Taylor also found love again, during a second stay at Betty Ford in the late 1980s. This time her beau wasn’t a movie star or a millionaire but, improbably, a rough-edged construction worker named Larry Fortensky.  With helicopters buzzing overhead, they got married in 1991 at the Neverland estate of her close friend Michael Jackson.  
There was a TV special to mark her 65th birthday, and she was named a dame by Queen Elizabeth in 1999. But frail health kept her mostly confined to her Bel Air mansion in later life. Taylor’s medical situation had always been precarious; she had more than 40 operations over the years and was even pronounced dead during a 1961 bout with pneumonia. She had a brain tumour removed in 1997. In 2004, she revealed she had been diagnosed with congestive heart failure, which slowly starves the body’s organs of blood.
 The Zionist Organization of America (ZOA) issued a statement of mourning for her yesterday,  which listed a series of efforts Taylor made for Israel and the Jewish community, including her purchase of $100,000 in Israel Bonds in 1959, her participation in raising $840,000 for Israel in a 1967 London gala,  and her cancellation of a visit to Moscow after the Soviet Union lashed out at Israel following the 1967 Six Day War.   In addition, she was one of 60 prominent women to sign a statement in 1975 to then-UN Secretary General Kurt Waldheim, condemning the General Assembly’s infamous Zionism-is-Racism resolution. Taylor offered herself as a hostage when 104 Jews aboard an Air France airbus were held hostage by PLO terrorists at Uganda’s Entebbe Airport, from which they were rescued in a spectacular Israeli commando mission on July 4th, 1976,  America’s 200th birthday.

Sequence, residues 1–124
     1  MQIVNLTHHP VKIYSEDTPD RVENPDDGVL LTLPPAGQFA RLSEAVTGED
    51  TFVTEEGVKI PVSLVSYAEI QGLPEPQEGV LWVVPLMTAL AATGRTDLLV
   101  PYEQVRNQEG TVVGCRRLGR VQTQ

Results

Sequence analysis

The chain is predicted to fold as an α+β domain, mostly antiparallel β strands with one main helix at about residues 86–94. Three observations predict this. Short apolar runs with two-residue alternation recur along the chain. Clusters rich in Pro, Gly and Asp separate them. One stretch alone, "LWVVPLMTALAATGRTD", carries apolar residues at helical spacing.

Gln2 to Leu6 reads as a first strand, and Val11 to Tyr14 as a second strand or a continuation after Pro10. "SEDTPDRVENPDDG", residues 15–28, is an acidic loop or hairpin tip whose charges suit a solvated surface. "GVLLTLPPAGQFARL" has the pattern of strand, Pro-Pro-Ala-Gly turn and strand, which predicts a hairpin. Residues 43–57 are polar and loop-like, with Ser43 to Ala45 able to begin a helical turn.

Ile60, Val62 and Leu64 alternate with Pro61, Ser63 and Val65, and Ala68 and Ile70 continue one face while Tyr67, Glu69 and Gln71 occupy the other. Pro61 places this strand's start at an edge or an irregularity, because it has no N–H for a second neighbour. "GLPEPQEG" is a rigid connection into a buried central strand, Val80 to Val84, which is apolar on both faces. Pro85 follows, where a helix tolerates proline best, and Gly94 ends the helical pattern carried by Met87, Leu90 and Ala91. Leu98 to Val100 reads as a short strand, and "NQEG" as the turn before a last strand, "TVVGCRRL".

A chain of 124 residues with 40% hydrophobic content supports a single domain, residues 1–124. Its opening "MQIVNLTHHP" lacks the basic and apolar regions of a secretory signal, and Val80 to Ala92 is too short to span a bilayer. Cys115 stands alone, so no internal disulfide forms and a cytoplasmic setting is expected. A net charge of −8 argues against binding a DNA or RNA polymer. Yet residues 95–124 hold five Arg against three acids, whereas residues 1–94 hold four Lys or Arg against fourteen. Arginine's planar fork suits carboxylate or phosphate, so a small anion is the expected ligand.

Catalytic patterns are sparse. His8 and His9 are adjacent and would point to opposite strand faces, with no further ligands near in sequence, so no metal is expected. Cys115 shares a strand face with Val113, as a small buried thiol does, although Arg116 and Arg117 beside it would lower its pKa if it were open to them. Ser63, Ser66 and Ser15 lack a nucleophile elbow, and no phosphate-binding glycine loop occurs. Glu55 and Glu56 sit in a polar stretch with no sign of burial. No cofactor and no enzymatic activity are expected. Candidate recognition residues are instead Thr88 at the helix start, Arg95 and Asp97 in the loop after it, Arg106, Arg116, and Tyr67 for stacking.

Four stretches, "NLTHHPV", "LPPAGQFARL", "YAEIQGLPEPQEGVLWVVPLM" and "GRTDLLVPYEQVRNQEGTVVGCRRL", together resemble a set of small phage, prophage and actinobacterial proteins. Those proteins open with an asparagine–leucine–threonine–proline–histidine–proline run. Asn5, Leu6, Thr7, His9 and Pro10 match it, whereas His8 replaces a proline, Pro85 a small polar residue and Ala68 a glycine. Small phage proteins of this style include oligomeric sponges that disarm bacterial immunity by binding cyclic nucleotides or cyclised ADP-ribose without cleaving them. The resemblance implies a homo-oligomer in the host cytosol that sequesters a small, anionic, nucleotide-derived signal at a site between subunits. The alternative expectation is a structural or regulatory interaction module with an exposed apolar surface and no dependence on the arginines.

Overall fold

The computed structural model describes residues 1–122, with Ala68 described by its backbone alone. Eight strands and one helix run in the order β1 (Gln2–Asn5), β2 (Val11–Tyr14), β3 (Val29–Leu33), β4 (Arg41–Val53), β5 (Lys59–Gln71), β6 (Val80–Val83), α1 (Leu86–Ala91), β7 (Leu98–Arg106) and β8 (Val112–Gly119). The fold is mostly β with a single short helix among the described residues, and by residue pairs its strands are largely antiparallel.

She frequently visited Israel and met with its leadership, including Prime Minister Menachem Begin in 1983.  In 1987, she signed a petition seeking the release from Soviet prison of leading refusenik Ida Nudel.  Elizabeth Taylor’s pro~Israel activism led to the banning of her films in several Arab countries.  After she bought $100,000 in Israel Bonds in 1959, the United Arab Republic (now Egypt) banned all her movies. 
My favourite movie of hers is the eponymous "Cat on a Hot Tin Roof".   I admired her as an actress & an ardent advocate for Israel. She said she wasn’t afraid to die, and catalogued her aches and pains with the same wit she once used to suggest the epitaph on her gravestone to read .... “She lived.”    I like that a lot!!

1 comment:

  1. There are two things I didn't mention. Firstly, one of my favourite things is that Maggie Simpson's first words were uttered by Elizabeth Taylor. And she didn't like being called 'Liz'!!

    Secondly, she has a new fragrance coming called "Violet Eyes" .... I shall certainly try it. I like 'White Diamonds'. So .....